Protocols - From here to there.

Jason

Medic
120
37
28
Earlier today I was in Chat and we were discussing the differences in protocols and how EMS is done from place to place. This Site has such a wide variety of subscribers, from all over the US to all sorts of places around the world - I thought we could share protocols to see what others are doing and where. A somewhat similar post about state protocols is on this site, but it's hard finding state protocols when regions within the state change what we are allowed and not allowed to do. I find it interesting what providers are allowed or expected to do, who are no where near me.
So ... From VA, from the ODEMSA region :

http://www.odemsa.vaems.org/index.php?option=com_content&view=article&id=5&Itemid=50

Now within the ODEMSA region, OMDs from agency to agency are allowed to make a certain amount of changes if they wish. My agency's protocols are very similar, with only slight differences.
I look forward to seeing what the rest of the US (west coast maybe) and world do.
 

emt_irl

Forum Captain
255
1
18
Here in Ireland we have national guidelines for each level of practitioner.

Here are the Clinical Practice Guidelines for EMT:
http://www.phecit.ie/Images/PHECC/C...0141031 Emergency Medical Technician CPGs.pdf

Paramedic:
http://www.phecit.ie/Images/PHECC/Clinical Practice Guidelines/2014 CPG/20141031 Paramedic CPGs.pdf


Advance Paramedic:
http://www.phecit.ie/Images/PHECC/C...14 CPG/20141031 Advanced Paramedic CPGs-1.pdf

if you scroll to the end of each pdf, there is a much more condensed chart of what skills each level can provide
 

NomadicMedic

I know a guy who knows a guy.
12,087
6,835
113
In most places, paramedics have a pretty standardized scope. The exception is RSI and other advanced procedures. For example, I'm in Georgia and in this state there's NO RSI, but across the state line in SC it's standing orders for medics who've been cleared.

EMTs have a far more varied scope. For example, in Seattle, there's no glucometers and no NPAs for basics, but daw and shoot epi for anaphylaxis is okay.
 
OP
OP
Jason

Jason

Medic
120
37
28
emt_irl -
What is the training difference in Paramedic and Advanced Paramedic in Ireland?
Thank you.
 
OP
OP
Jason

Jason

Medic
120
37
28
In most places, paramedics have a pretty standardized scope. The exception is RSI and other advanced procedures. For example, I'm in Georgia and in this state there's NO RSI, but across the state line in SC it's standing orders for medics who've been cleared.

EMTs have a far more varied scope. For example, in Seattle, there's no glucometers and no NPAs for basics, but daw and shoot epi for anaphylaxis is okay.
In VA, there is a lot of similarities - however there are a few areas that differ greatly.
More and more areas / regions want their paramedics to be NR not just state. Some agencies make state only medics function and pay at Intermediate level. Some areas restrict the freedom of the medic provider to making them call in for a lot of things. It's in their scope of training, but can't do the skill or med without a call by call permission. It's odd.
 

Tigger

Dodges Pucks
Community Leader
7,831
2,780
113
I work full time for a pretty rural place and part time in a good sized city with the same hospital providing medical control. Our protocols are fairly close to one another, with the difference being in what must be called in for, max doses (for instance we have no max pain medication dosage), and a few extra waivered medications and skills (IV nitro and the use of an infusion pump for non-IFT calls).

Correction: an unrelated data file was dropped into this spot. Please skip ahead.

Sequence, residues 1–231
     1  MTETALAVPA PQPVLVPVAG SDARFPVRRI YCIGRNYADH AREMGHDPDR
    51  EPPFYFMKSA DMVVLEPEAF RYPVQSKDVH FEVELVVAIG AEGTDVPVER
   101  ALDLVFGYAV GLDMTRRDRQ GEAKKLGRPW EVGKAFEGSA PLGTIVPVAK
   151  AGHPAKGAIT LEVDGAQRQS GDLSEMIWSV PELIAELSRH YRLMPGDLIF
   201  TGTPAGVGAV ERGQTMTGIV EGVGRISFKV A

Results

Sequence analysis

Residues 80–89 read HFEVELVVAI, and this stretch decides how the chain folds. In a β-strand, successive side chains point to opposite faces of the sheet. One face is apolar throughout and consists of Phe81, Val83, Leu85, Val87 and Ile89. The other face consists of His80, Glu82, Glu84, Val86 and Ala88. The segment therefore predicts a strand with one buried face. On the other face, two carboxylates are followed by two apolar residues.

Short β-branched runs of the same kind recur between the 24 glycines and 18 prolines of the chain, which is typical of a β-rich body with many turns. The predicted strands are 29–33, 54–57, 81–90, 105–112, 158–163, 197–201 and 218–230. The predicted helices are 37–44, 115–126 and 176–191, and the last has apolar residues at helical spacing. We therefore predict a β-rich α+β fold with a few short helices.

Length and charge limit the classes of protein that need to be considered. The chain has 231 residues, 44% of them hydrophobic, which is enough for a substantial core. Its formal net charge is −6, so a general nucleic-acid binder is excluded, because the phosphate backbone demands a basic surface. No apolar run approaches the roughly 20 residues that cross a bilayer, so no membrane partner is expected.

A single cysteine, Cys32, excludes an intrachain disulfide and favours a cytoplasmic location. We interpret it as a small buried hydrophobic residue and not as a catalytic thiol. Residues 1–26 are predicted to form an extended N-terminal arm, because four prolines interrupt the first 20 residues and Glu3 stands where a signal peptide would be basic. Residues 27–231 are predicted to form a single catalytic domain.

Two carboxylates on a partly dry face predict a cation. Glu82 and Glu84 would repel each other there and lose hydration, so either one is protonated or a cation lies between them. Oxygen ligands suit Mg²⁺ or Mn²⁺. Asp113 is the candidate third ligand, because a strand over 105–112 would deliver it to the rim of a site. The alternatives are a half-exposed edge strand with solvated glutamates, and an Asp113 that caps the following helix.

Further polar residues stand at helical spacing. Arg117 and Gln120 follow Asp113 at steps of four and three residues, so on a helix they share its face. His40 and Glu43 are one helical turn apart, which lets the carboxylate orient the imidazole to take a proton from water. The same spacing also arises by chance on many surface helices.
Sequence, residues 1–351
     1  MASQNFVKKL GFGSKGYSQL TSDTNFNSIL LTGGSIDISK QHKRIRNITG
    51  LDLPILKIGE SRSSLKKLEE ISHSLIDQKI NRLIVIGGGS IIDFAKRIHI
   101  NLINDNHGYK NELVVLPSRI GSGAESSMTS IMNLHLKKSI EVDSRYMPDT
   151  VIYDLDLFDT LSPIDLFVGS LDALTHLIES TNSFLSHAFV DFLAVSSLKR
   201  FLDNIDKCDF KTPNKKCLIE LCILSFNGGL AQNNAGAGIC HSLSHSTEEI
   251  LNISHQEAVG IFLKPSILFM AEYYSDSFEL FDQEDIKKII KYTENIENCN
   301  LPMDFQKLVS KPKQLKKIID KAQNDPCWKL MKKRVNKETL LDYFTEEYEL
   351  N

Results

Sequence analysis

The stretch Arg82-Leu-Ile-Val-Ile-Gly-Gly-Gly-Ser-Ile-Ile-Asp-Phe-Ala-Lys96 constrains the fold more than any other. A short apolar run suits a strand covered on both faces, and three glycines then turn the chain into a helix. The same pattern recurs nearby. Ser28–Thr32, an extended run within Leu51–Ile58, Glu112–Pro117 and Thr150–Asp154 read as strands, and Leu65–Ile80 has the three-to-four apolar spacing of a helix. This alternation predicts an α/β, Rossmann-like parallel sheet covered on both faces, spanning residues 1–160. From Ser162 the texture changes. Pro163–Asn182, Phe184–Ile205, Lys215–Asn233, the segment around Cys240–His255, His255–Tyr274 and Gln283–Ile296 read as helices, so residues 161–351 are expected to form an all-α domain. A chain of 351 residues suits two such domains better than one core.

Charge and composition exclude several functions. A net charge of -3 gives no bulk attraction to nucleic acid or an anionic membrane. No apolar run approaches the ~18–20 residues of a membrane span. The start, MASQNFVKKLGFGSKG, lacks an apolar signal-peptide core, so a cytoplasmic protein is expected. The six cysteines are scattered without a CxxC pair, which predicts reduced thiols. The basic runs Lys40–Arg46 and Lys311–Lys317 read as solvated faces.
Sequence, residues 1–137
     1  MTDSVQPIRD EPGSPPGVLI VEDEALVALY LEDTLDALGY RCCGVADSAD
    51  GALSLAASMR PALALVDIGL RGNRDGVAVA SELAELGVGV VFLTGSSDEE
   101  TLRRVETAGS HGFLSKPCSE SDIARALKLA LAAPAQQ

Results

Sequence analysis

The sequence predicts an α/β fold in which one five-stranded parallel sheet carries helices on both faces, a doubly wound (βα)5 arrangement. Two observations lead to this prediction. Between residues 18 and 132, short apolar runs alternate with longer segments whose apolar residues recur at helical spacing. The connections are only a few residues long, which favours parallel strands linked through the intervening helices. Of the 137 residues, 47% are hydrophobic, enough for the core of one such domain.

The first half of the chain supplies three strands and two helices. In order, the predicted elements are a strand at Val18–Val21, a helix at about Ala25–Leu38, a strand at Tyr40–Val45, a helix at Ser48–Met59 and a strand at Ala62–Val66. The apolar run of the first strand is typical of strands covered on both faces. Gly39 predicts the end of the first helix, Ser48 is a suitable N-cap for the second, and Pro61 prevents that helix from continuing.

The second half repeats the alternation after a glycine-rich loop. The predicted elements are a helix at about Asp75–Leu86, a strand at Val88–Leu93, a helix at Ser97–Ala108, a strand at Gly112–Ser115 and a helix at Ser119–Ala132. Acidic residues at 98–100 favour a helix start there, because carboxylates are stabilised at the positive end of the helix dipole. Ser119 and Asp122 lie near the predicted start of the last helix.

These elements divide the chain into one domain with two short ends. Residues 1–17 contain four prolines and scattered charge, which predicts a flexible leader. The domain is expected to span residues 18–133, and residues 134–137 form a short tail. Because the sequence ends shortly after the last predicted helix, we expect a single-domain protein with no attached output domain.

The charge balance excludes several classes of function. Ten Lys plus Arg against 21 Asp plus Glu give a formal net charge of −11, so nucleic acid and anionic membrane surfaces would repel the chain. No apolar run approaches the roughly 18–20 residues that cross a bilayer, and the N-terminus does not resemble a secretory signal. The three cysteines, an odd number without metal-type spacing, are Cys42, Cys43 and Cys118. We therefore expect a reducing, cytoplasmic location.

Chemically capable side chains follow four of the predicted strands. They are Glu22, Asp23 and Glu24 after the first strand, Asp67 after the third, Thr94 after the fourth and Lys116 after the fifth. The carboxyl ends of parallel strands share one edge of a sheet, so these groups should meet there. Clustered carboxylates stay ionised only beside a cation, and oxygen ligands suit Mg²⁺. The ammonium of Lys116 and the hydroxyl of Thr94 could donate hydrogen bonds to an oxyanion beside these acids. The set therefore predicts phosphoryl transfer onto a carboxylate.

Our protocols are too large to attach, if you're that interested I'll happily PM them to you.
 

emt_irl

Forum Captain
255
1
18
emt_irl -
What is the training difference in Paramedic and Advanced Paramedic in Ireland?
Thank you.
It's hard to explain to someone outside of Ireland but here it goes:

Our advance paramedic is called a paramedic elsewhere in the world(no idea why we felt the need to make a new name for it) and our paramedic lies somewhere in between. You could class our paramedic's as ILS and our advance paramedic as ALS
 

TransportJockey

Forum Chief
8,623
1,675
113
Here in Texas, protocols and scope of practice can change from county to county. And the level of those protocols can vary from the normal to extremely advanced
 

Clare

Forum Asst. Chief
790
83
28
We have one national set of Clinical Procedures and Guidelines (CPGs) for New Zealand.

They are called so because they contain both procedures where you must do certain things (for example cardioversion or pacing in a certain order, or refer patients to hospitals if certain conditions are met) and they also contain guidelines where you should do things but you don't have to because clinical judgement is required.

There is the "pocket" version which is a slimmed down version containing the "nuts and bolts" and a "comprehensive" version which is a huge thick book of about 300 pages containing much more guidance and a lot more stuff. I refer to it on at least a weekly basis and I can't even remember a lot of stuff in the comprehensive version, if you see somebody walking lop sided you know they've been carrying around the comprehensive CPGs.

A link to the pocket version is here http://www.resuscitationskills.com/...iles/St John 2013-2015 CPG Pocket Version.pdf

If you read those they're still in use exactly as printed however the levels of "Primary Care" and "BLS Paramedic" no longer exist.

We are due for a new version of the CPGs about this time next year.
 
Top